All that was only in the times before God’s written Word was given to us. When you meet with others for Bible study and fellowship don’t spend much time discussing the dreams you dreamed last night and what they could mean, because they probably do not mean anything. We should not pray to the Lord, “Please appear to me in a dream” or “Please reveal your will to me when I dream tonight” since we already have the scriptures to read and know God’s will and the Holy Spirit to lead us with His inner prompting. To go back to dreams is to reject the Scriptures and insult God. Please remember this: Don’t rely on dreams, but on God’s Word.

Now that we have God’s Word, we can use that to judge any vision or dream that people claim to have received from God. Deuteronomy 13:1-3 – “If there arise among you a prophet, or a dreamer of dreams, and giveth thee a sign or a wonder, And the sign or the wonder come to pass, whereof he spake unto thee, saying, Let us go after other gods, which thou hast not known, and let us serve them; Thou shalt not hearken unto the words of that prophet, or that dreamer of dreams: for the LORD your God proveth you, to know whether ye love the LORD your God with all your heart and with all your soul.” In fact the verses after that state that such a dreamer is to be executed.

Jeremiah 23:25,26 – “I have heard what the prophets said, that prophesy lies in my name, saying, I have dreamed, I have dreamed. How long shall this be in the heart of the prophets that prophesy lies? yea, they are prophets of the deceit of their own heart.” Hence we should be careful whenever someone comes to you and says that he has received a dream from God and the content of it is different from what God has revealed in His word. You can ignore it.

Theologians usually make a distinction between two kinds of decrees of God: Efficacious and Permissive. Efficacious decrees are those which cause those events which God has determined to effect through His own immediate agency. In other words, whatever God Himself directs to happen will certainly happen. Permissive decrees are those which cause those events which God has determined to allow to depend on free agents to effect. In other words there are certain events that God just permits to happen.

Now, the distinction between efficacious and permissive decrees although important, has no relation to the certainty of the events. All events included in the purposes of God are equally certain, whether He has determined to bring them to pass by His own power, or simply to permit their occurrence through the agency of His creatures.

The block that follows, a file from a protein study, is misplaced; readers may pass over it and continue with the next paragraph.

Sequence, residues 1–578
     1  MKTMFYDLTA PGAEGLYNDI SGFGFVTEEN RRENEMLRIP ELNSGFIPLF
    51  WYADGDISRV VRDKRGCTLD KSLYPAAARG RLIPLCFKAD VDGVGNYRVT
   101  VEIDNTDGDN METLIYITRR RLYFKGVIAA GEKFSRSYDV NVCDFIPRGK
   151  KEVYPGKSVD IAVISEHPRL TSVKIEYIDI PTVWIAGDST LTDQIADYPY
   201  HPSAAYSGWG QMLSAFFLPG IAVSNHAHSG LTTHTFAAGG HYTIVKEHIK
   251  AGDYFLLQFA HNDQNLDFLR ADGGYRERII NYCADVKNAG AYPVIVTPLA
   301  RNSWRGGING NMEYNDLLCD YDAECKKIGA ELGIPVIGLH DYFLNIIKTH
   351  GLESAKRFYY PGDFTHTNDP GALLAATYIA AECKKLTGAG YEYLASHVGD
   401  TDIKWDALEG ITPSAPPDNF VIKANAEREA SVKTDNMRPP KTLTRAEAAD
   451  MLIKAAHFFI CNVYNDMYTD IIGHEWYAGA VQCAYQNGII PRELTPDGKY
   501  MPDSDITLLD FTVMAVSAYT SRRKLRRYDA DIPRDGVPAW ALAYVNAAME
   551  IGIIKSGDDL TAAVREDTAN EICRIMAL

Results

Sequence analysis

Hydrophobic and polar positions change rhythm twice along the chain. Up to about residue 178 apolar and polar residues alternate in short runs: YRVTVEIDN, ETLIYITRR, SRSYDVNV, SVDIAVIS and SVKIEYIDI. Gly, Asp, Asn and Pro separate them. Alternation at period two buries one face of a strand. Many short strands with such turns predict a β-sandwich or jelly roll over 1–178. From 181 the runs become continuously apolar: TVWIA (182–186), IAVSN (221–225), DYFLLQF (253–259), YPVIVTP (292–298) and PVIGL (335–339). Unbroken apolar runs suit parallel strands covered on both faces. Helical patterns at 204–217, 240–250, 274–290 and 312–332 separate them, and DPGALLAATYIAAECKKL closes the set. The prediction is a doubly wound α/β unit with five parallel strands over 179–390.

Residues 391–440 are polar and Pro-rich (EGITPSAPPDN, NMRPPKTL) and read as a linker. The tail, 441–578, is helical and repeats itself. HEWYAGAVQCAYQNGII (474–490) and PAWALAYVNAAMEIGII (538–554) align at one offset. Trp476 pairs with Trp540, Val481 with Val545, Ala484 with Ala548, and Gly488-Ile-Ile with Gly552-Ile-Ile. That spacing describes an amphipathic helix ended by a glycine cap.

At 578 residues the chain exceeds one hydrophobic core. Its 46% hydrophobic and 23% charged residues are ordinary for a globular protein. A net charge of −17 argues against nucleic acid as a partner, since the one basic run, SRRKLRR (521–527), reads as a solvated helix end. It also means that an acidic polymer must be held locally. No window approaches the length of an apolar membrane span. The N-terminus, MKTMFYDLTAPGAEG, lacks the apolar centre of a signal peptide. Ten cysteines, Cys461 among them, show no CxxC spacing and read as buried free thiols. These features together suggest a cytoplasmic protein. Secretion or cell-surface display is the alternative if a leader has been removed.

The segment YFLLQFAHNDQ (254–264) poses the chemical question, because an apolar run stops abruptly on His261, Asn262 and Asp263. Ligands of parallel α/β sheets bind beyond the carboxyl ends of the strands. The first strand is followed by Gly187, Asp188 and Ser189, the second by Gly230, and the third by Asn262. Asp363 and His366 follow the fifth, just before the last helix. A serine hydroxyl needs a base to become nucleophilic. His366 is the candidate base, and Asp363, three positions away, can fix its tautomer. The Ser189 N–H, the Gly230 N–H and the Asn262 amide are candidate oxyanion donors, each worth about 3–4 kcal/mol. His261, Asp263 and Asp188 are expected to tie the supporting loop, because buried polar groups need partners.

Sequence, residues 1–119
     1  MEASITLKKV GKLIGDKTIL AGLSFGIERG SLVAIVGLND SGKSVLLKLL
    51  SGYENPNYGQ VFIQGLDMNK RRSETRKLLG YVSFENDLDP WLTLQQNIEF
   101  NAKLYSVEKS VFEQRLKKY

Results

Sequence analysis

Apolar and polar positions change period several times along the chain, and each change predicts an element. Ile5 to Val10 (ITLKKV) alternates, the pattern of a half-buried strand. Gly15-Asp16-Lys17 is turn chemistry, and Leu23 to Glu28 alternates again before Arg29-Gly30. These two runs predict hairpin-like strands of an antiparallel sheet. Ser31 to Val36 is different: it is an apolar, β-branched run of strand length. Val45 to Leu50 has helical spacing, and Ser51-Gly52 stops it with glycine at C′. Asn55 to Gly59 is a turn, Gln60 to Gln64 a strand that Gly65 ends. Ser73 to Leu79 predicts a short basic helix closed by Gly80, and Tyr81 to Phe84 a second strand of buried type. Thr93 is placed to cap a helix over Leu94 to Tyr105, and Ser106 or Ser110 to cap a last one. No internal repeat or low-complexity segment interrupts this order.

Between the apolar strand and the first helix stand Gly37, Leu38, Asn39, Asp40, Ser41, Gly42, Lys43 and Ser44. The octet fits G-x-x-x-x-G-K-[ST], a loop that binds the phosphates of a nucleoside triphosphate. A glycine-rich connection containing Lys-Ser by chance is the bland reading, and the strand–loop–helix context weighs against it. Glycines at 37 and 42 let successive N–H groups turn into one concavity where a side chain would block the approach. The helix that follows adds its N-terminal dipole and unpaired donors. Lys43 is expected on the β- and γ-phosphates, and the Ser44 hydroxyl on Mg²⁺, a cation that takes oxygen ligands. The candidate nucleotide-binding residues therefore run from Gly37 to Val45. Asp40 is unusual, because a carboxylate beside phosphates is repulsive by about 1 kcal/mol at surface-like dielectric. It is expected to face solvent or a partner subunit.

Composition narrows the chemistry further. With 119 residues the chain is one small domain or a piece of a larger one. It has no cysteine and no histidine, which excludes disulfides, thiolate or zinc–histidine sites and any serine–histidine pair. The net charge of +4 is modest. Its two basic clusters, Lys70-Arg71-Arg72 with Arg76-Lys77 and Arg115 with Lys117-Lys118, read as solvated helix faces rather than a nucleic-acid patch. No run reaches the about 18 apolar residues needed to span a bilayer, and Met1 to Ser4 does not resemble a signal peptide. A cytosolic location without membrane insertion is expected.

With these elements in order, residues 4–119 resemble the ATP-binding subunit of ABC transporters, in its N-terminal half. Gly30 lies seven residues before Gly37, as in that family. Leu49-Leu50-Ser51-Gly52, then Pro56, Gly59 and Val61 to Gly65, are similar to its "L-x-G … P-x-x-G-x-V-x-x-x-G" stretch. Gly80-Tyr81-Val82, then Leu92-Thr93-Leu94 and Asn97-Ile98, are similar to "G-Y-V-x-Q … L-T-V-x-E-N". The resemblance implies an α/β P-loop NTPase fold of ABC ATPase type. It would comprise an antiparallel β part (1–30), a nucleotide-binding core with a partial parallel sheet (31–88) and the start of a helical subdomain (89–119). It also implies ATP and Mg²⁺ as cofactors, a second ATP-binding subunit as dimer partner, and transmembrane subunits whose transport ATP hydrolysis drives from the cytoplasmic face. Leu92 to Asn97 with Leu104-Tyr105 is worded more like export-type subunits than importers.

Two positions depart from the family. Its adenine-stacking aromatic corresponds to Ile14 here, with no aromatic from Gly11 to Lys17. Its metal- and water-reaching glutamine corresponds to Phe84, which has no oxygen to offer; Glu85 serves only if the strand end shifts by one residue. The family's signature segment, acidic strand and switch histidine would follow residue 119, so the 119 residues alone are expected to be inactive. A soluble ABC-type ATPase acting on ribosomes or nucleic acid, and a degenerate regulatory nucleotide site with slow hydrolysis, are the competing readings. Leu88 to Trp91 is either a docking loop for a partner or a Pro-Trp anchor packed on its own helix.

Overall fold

What is the use then of making this distinction, since it makes no difference to the certainly of the events? The helpful thing about making this distinction is that it helps to solve a moral problem: It helps us to answer the commonly asked question of who bears the final blame for evil and sin. Since God’s decrees comprehend everything, then they must also include man’s sins. Does this make Him morally responsible for these sins? Can a non-believer stand before God’s Judgment seat one day and say “God, you have no right to punish me for my sins, because you had already included them in your decrees from the beginning of time.”?

The answer to this perplexing question is a definite NO, because God is not the immediate cause of the sin. Sin comes under God’s permissive decrees and not His efficacious decrees and therefore He cannot be charged with sin. The Scriptures emphasize over and over again that God, being most holy and righteous, neither is nor can be the author or approver of sin. So when anyone sins, he does it entirely out of his own selfish motives and inclinations, and not because he thinks that God has decreed that he would commit sin. Some things God purposes to do; others He permits to be done. He purposes good, He permits evil. He is the author of one, but not the other.

At the point that Nebuchadnezzar received the interpretation of the dream, God would have withheld his judgement if he had repented of his sins. This is implied in Daniel’s advice in v.27 – “Wherefore, O king, let my counsel be acceptable unto thee, and break off thy sins by righteousness, and thine iniquities by shewing mercy to the poor; if it may be a lengthening of thy tranquillity.”

The king did not repent of his sins but persisted to the point that the judgement was meted out to him a year later (vv. 29-31). By this time it was too late for Nebuchadnezzar to repent.

What Daniel saw in his vision was only a visible representation of God, also known as a theophany. God was not always represented by the same form. E.g. when he called Moses He was represented by a burning bush (Exodus 3); To Ezekiel, He was represented as a man riding on a divine chariot. Thus there is no fixed form of God, and each form is only meant to teach us certain truths about God. E.g. He appeared as the Ancient of days to Daniel to teach that unlike worldly rulers and kingdoms that last only for a short time, God has always been ruling from eternity past.